Some like Innovation in Collaboration don't even originate in this country. They still provide excellent examples of what could be possible here. Often times it seems that we must look outside the United States to find some of the most viable ideas for supporting democracy and the empowerment of communities.
The Interaction Institute for Social Change, headquartered in Ireland, has had global outreach but with local impact including many in the United States. Good ideas should not require visas.
Future Search Network is a collaboration of hundreds of dedicated volunteers worldwide providing Future Search conferences as a public service.
"We serve communities, NGO's, and other non-profits for whatever people can afford. Our mission is to help communities everywhere become more open, supportive, equitable and sustainable. We also work with for-profit organizations who share these values, charging standard fees. We are a cross-cultural network, speaking many languages. Our members live in Africa, Asia, Australia, Europe, and North and South America."
The last of the ‘newer’ Community Change Agencies to be featured is the Intersector Project, a non-profit organization that seeks to empower practitioners in the business, government, and non-profit sectors to collaborate to solve problems that cannot be solved by one sector alone. A good definition for Collective Impact. They conduct research in intersector collaboration and convey findings to leaders in every sector to help them design and implement their own effective collaborative initiatives.
There are no doubt numerous similar organizations out there. The point though is that they are out there. Those looking to make meaningful changes in their community do not have to work alone. Even advice over the phone can be of tremendous assistance. Not every community, as the Harwood Institute points out, is in a position to make transformations at a Collective Impact level. There are though others with the same struggles who have tried ideas that have worked. It can be simply a matter of discovering them and reaching out.
Monday, October 19, 2015
The time has not been spent idly though. A new form of what I like to think of as “external cognition” has been learned. This blog is one form. The new form is Kumu presentations. It goes back to what Ryan Mohr of Kumu had said regarding Using Systems Thinking to Explore Amplifying the Voices of Community Members:
Organizing information like this into a network map is great, but it can also be intimidating. We've found it best to use a separate presentation for the main linear threads through the network. When there's always a choice about where you could go next it's easy to get lost. A simple prev/next approach is much easier to follow.
Thanks for putting this project together! I'm excited to see how it evolves.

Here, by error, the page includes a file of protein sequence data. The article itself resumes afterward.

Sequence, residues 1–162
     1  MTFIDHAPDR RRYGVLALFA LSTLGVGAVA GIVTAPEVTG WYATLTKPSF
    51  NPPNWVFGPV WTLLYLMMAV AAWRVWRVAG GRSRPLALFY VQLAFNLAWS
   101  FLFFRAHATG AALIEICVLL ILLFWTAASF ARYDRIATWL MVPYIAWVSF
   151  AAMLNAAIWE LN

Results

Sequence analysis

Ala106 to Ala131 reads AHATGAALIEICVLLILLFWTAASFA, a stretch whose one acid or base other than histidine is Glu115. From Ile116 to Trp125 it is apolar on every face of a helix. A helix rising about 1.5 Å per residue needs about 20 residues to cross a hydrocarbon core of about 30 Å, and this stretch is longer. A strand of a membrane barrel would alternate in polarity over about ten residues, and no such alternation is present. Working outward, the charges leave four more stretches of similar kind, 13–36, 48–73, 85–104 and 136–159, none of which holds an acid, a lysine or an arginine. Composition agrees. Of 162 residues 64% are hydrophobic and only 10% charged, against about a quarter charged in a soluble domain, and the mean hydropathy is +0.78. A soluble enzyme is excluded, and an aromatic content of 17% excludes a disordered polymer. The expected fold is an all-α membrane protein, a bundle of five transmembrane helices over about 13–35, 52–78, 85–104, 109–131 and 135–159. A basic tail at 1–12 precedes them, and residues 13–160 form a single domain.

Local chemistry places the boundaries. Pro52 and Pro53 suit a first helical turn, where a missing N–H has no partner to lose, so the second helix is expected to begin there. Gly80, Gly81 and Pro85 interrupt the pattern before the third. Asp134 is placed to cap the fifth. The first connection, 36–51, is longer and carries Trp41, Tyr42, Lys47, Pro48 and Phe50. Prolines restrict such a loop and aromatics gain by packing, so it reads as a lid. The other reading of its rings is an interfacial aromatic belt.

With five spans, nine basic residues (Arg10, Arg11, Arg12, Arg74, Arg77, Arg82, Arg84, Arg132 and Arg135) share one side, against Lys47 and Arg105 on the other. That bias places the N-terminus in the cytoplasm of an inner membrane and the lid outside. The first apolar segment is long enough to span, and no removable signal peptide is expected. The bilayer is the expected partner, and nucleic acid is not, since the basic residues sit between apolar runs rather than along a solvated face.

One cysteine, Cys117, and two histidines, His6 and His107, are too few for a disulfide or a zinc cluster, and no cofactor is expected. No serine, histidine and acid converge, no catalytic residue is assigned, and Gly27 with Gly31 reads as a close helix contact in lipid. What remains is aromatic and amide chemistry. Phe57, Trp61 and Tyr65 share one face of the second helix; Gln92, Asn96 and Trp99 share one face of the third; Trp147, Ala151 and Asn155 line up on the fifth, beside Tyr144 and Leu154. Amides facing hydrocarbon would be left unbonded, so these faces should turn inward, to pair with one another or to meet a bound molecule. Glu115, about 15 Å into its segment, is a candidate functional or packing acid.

Back then I focused on the exploratory aspect but came to realize that I needed to also explore the presentation aspect because being purposely made with an intention to be open there remains a concern with complexity intimidation.
The information presented in the Kumu presentations, though still on the subject of Collective Impact, is able to provide a different perspective to the blog posts or the Kumu projects to which they are related.
There were two Kumu presentations created related to Collective Impact, or more specifically, the Kumu project Collective Impact - Living Cities’ online course. Both apply a Systems Thinking perspective to Collective Impact.
The first Kumu presentation is Documenting the NCP Collective Impact Exploration. The desire has been to move or insert Systems Thinking more into other fields such as Community Engagement or Collective Impact at both the exploratory or discovery phase and the implementation phase.
The second Kumu presentation focuses on a particular aspect of Collective Impact Organizations and the Systems Thinking Iceberg Model.
This will be to date, the shortest post written for this blog because the two Kumu presentations and related Kumu project should be able to speak for themselves.
The time was not only spent on Collective Impact Kumu presentations. The newly found means of transmitting understanding was applied to another opportunity that arose from the NCDD (National Coalition for Dialogue and Deliberation), NCDD Community News » Join the National Deliberation on Health Care Costs.
The NIFI (National Issues Forum Institute), in cooperation with the Kettering Foundation and Public Agenda sent out, You're Invited - Join a National Deliberation Project about Healthcare Costs - FREE materials available.
Again, a Kumu map project was created applying a Systems Thinking perspective to the material provided and a Kumu presentation was then created which will be put out for feedback sometime in the future.